Sarah Fuller Makes College Football History On Vanderbilt Kickoff

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You have probably already heard of new Vanderbilt kicker Sarah Fuller. The goalkeeper for the women’s soccer team has been a major talking point since joining the football team earlier this week.

Now, she has officially made history.

Against the Missouri Tigers on Saturday, Fuller came out to make the opening kickoff to start the second half. Why didn’t she attempt a field goal? Well, Vanderbilt had six scoreless possessions with five punts and one turnover-on-downs in the first half.

But that is beside the point.

The kickoff wasn’t exactly traditional either. It was more of a squib kick (understandable) that landed the Tigers on the 35-yard line. But it was a first nonetheless. Check out the tweet from the SEC Network:

So, what is the historical significance of this? Well if you haven’t heard, Fuller has now become the first woman to participate in a college football game for a Power Five program.

What makes this even more impressive?

She was helping the Commodores win a SEC championship in soccer a week ago. We talk about multi-sport athletes all the time, and making the switch from soccer to place-kicking in football certainly qualifies.

Good for her.

Vanderbilt ended up getting beat 41-0 in the game to fall to 0-8 on the season, but the Fuller storyline will be the main takeaway and talking point.

Follow Clint Lamb on Twitter @ClintRLamb.

Written by Clint Lamb

Clint Lamb is a College Football Writer for OutKick. Managing Editor for Roll Tide Wire. Sports radio host for The Bullpen on 730/103.9 The UMP. Co-host for The 'Bama Beat podcast through The Tuscaloosa News and


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  1. Gonna talk about a nothing burger for weeks. How bad is your program when it comes to a publicity stunt to make news. Wow i want to go there, they let girls play. Now since Vanderbilt doesn’t have a men’s soccer team can a male attempt a penalty kick

    • Most NFL kickers are not huge in size, but they have strong legs and are more muscular than women’s legs. Will this become the norm? Probably not. Also, are they gonna allow her to tackle men during kickoffs? Again, probably not.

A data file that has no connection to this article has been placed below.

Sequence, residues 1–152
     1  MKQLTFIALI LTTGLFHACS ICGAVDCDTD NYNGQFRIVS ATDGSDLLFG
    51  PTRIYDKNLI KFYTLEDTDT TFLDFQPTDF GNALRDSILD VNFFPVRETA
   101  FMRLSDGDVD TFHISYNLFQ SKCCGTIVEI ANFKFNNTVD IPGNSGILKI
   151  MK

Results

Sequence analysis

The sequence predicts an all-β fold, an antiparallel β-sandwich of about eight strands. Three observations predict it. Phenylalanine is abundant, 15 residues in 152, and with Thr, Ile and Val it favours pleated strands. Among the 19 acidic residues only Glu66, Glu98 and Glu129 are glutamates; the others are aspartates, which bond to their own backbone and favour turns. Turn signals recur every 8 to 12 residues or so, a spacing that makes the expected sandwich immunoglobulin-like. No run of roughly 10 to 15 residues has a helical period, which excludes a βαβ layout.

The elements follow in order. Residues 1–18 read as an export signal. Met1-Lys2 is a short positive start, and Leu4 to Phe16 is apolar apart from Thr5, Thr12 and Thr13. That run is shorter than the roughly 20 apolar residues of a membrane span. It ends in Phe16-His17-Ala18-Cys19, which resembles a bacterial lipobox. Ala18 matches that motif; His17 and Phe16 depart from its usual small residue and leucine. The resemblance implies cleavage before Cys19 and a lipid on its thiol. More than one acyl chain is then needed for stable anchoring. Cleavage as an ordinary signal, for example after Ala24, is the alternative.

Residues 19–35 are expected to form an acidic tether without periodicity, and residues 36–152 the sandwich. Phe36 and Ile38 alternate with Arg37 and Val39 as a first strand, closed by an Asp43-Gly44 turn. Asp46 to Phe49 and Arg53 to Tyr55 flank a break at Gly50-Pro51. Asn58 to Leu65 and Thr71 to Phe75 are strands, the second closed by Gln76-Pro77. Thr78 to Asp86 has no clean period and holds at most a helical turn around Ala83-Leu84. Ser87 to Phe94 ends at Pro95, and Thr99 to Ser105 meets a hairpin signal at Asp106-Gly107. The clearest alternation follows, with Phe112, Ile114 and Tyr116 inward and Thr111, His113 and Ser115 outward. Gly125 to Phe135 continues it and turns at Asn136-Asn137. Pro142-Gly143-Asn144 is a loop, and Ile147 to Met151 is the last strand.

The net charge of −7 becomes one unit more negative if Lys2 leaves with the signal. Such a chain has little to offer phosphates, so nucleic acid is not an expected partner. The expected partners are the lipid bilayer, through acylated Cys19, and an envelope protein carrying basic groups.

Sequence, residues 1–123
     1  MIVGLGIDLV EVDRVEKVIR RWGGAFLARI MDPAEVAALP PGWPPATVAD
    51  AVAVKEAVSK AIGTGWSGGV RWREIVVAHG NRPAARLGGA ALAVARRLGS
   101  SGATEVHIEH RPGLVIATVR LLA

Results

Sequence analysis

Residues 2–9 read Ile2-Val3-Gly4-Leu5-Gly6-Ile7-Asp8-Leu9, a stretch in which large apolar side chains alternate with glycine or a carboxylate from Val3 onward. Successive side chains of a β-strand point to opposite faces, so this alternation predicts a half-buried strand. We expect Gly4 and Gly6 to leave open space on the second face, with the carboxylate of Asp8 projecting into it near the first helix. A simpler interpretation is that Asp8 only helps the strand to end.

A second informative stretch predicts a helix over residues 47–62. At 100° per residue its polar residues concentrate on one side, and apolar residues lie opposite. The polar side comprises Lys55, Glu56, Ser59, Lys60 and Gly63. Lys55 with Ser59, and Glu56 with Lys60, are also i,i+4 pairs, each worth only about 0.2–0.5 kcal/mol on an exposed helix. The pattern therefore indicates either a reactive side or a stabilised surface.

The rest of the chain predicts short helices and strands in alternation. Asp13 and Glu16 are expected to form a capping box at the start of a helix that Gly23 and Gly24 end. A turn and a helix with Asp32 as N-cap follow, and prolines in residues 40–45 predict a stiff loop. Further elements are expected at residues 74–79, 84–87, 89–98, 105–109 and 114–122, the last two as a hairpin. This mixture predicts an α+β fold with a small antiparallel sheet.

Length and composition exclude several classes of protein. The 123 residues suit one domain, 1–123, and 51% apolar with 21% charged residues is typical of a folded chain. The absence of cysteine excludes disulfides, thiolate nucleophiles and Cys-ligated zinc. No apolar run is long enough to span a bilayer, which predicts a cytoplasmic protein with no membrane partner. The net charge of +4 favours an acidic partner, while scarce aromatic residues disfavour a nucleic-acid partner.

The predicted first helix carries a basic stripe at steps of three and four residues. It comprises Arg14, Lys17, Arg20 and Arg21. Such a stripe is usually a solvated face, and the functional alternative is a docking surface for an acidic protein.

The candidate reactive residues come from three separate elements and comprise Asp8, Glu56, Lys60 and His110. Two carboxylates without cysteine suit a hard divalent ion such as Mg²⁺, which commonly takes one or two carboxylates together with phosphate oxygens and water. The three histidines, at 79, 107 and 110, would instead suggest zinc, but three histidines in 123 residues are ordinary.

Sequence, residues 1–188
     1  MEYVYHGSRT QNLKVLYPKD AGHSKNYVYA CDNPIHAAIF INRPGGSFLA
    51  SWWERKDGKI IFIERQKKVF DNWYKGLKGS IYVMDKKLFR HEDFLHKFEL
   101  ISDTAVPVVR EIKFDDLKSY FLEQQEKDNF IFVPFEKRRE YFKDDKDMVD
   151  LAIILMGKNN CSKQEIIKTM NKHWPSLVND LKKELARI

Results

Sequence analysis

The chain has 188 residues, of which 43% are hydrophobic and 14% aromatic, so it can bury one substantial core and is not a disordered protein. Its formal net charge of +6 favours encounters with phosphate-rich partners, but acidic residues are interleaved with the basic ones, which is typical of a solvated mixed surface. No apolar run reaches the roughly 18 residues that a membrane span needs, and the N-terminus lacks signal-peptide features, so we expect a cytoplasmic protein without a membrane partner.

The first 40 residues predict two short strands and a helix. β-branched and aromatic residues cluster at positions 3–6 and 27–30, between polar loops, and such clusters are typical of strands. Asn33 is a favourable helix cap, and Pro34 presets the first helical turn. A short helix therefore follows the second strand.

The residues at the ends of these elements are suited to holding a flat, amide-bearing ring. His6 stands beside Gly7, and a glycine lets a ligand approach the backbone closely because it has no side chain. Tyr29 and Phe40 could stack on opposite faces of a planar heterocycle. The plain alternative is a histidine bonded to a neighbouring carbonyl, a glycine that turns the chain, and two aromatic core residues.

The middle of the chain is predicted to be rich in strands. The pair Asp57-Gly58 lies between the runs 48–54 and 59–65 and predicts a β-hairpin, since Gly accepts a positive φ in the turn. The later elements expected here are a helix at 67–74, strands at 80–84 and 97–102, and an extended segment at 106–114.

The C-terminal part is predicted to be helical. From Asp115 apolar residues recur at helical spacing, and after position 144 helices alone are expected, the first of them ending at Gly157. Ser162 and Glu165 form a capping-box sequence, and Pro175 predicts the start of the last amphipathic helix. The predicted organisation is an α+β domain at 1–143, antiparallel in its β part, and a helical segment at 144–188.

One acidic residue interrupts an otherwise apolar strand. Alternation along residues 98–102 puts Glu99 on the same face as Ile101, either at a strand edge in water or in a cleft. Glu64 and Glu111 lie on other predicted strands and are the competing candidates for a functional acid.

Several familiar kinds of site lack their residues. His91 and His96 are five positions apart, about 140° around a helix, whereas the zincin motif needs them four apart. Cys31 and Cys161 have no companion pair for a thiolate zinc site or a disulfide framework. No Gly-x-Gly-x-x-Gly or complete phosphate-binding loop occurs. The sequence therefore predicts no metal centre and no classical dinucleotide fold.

2. i’m sure this is a significant moment for her and her family, but this could be the most irrelevant ‘moment’ in football history too.

    are women oppressed now? from playing on men’s teams? wtf significance is this to improving anything for anyone. men and women are different, but somehow men have oppressed women from Men’s sports? or are we all gonna play coed now?

    i’m a darn good athlete. and i played a lot of club soccer in my late 20’s early 30’s. when i played against a legit college level female soccer player, her skills smoked me. happened many times. i also held up on my physical play. her skills were better, but she wasn’t a better player overall. and i assisted. its almost unconscious. i was not going to be too physical with a girl, so her superb skills became super human.

    is that what sports are gonna be? from here on?

    Good For Sarah and her family. cherish it.

    some day ask yourselves, Why this was done? why is it a story?

  3. I hope this squib kick was intentional. If not, what an embarrassment. If so, why let her make a weak kick that can be criticized? If all her supporters wanted to really make history, she should have been coached to kick it down the field into the end zone to show she can do it just as well as a man.

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